Tower Hamlets: Concern over voters ‘not having secret ballots’ in Lutfur Rahman election, report claims

The Electoral Commission says it saw “well-run voting processes”, despite a “very small number” of incidents where more than one voter tried to use the same poll booth.

Concerns have been raised over some voters “not having a secret ballot” in the local election in Tower Hamlets resoundingly won by mayor Lutfur Rahman, a new report has claimed.

The research into the town hall election held in the east London borough earlier this month claims observers found “significant challenges to the electoral process” during polling.

However, the Electoral Commission (EC) says it saw “well-run voting processes”, despite a “very small number” of incidents where more than one voter tried to use the same poll booth.

They say these instances were promptly handled by “well-trained polling staff”.

Mr Rahman’s Aspire Party told LondonWorld: “These were high-turnout elections that delivered a decisive result respected by all parties.”

Police officers stand outside a polling station in Tower Hamlets in 2015 - the elections over which Lutfur Rahman was convicted of electoral fraud and removed from office. Credit: LEON NEAL/AFP via Getty Images

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Questions raised by the report, produced by organisation Democracy Volunteers, follow the surprise return of former Labour councillor and ex-Tower Hamlets mayor Mr Rahman.

He was removed from office after being found to have employed “corrupt and illegal practices” in his previous campaign, before being reelected mayor as leader of the Aspire Party on Thursday, May 5.

Mr Rahman, who was disbarred as a solicitor, has always maintained his innocence.

It comes as the Conservative peer Lord Robert Hayward is set to bring forward proposals to help prevent voting malpractice to Parliament later this week.

Plans would give police clearer powers to stop relatives exerting influence at the ballot box.

Lutfur Rahman, mayor of Tower Hamlets. Credit: JUSTIN TALLIS/AFP via Getty Images

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Produced by Dr John Ault and Harry Busz, the Democracy Volunteers report claims its team of 10 observers saw “continuing significant challenges” in some parts of the borough.

They noted “large, and sometimes intimidating crowds outside polling stations”, as well as “extremely high levels of attempted family voting”.

The report alleges this was “frequently, but not always, prevented by the polling staff”.

Staff at polls were trained in electoral fraud ahead of the elections, and each polling station had an extra person to help direct voters individually to polling booths.

Dr Ault and Mr Busz said: “Those subjected to family voting (i.e. not having a secret ballot) were invariably women (85%) from the Asian community and those causing family voting were generally men (61%).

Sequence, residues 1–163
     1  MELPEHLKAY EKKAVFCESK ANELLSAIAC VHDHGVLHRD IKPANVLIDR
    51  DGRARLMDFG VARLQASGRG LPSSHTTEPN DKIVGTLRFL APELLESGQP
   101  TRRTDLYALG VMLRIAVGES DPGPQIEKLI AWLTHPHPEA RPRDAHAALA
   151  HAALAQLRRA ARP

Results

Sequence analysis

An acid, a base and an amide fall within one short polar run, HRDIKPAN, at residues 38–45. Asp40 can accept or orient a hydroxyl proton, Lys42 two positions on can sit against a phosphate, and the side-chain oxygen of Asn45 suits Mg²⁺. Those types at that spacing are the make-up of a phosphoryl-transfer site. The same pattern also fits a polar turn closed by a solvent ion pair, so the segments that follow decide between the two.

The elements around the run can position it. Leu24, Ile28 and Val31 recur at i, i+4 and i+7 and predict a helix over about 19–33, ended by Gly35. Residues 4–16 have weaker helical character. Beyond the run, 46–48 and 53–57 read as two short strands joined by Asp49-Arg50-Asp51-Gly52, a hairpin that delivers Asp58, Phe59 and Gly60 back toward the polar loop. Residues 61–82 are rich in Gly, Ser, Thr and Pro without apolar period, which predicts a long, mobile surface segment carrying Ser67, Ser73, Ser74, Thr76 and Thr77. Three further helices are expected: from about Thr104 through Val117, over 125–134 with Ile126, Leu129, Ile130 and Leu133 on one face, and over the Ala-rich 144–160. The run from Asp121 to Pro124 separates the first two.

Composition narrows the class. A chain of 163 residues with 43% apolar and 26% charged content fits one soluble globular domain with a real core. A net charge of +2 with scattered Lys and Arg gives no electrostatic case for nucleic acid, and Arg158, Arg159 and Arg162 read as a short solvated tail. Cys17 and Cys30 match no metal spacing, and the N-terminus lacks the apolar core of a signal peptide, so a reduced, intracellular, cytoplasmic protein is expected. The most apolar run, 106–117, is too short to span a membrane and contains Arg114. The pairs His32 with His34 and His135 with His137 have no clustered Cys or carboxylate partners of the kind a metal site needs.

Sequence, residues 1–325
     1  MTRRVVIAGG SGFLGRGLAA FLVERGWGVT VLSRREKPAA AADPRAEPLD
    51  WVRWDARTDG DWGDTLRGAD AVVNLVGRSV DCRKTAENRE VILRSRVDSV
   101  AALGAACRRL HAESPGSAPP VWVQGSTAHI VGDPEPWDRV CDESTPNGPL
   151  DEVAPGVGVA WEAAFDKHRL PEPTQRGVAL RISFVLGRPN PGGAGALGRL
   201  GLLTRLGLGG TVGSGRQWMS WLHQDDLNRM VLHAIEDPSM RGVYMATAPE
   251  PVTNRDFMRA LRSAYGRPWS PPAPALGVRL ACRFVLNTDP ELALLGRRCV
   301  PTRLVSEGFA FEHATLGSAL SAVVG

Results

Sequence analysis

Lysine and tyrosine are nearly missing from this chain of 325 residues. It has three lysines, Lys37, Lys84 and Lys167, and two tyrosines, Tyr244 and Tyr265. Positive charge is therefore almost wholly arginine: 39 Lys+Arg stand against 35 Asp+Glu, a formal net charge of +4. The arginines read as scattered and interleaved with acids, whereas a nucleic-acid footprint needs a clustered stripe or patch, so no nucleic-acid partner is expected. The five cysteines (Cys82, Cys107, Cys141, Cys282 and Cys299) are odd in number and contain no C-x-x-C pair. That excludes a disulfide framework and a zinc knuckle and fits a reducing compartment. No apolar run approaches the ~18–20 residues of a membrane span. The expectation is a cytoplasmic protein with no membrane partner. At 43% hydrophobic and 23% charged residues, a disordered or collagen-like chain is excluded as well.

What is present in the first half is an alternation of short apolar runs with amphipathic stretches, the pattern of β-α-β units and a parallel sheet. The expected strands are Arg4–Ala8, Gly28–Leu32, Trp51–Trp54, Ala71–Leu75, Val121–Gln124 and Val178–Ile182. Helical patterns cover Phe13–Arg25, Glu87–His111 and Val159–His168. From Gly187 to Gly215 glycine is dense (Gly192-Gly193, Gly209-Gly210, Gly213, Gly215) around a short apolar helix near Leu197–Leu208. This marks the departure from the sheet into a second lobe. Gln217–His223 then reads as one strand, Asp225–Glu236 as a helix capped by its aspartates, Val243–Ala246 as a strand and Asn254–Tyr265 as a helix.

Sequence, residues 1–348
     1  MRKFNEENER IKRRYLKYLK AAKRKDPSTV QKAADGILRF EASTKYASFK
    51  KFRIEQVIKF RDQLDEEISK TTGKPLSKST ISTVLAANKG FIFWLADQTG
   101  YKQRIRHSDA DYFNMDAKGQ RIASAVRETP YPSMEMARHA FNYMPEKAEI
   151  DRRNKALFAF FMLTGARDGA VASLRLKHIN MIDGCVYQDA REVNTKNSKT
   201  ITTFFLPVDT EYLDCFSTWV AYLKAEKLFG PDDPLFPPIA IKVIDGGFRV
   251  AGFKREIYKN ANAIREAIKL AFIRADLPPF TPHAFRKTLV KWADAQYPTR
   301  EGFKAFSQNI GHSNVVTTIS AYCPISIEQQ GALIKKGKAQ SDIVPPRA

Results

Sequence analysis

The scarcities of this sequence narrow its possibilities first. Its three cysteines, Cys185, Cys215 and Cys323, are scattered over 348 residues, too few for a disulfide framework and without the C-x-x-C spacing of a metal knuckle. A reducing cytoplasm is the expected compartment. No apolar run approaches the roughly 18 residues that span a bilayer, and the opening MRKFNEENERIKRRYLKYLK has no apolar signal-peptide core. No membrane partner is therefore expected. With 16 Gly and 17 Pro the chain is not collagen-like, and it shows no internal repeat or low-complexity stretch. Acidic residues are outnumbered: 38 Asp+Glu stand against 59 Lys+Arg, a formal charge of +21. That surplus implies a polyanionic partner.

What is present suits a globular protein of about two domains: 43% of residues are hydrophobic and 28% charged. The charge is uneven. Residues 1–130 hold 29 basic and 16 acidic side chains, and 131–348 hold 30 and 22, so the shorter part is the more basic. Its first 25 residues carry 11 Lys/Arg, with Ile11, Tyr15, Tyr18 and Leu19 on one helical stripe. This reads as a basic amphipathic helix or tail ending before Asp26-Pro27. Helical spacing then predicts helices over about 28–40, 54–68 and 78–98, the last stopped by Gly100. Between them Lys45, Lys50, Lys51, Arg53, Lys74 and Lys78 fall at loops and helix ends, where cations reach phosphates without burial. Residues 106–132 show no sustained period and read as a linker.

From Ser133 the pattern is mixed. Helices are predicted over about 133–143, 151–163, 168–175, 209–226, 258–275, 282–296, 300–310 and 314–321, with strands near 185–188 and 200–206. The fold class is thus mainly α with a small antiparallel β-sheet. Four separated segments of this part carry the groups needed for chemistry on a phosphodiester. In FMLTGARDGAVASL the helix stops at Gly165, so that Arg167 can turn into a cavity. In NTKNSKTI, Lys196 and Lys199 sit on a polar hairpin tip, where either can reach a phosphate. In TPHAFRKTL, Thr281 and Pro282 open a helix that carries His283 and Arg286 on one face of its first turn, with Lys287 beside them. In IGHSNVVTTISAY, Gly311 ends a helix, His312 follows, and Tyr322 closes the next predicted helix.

“We observed family voting in 32% of polling stations – this would have been more if it were not for the actions of the elections staff, and to some extent the police.”

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A Lutfur Rahman election poster.

While the report also claims observers saw “polling cards being displayed on an elector’s mobile phone” and “some voters being apparently unaware of their name and address”.

They said this “might have indicated some degree of personation in the voting process”.

Observers for Democracy Volunteers attended 96 of the 109 polling places in Tower Hamlets in teams of two, and spent between 30 and 60 minutes at each polling venue observing the process.

However, a spokesperson for the Electoral Commission, which visited 104 Tower Hamlets polling stations on election day, said: “Tower Hamlets council, the Met Police and the commission were clear with voters and campaigners that everyone must be able to vote in secret and free from intimidation and undue influence.

Lutfur Rahman has been reelected mayor of Tower Hamlets. Photo: LDRS

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“In our visits to polling stations across the borough we observed spirited campaigning, well-run voting processes, and a high police presence that aimed to protect and reassure voters.

“Anyone with concerns about intimidation or fraud was able to raise these with the police throughout the day.”

But they added: “We also observed a very small number of instances where more than one voter attempted to use the same polling booth. These were quickly dealt with by well-trained polling station staff.

“We are still conducting our analysis of the polls, but at this stage we are not aware of allegations of personation relating to the elections in Tower Hamlets.”

Tower Hamlets council and the Met Police have also established a portal on the council’s website for people to submit allegations of potential fraud.

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A spokesperson for the Aspire Party told LondonWorld: "These were high-turnout elections that delivered a decisive result respected by all parties.

"We welcome Democracy Volunteers’ recognition of Tower Hamlets council workers’ considerable efforts to deliver high quality elections. We will examine their report and recommendations closely as part of our commitments to increase democratic participation.

"Aspire acted in accordance with the law and the spirit of democratic participation.

“We provided training for our campaigners so that all our polling day volunteers were fully aware of their legal and democratic rights and responsibilities."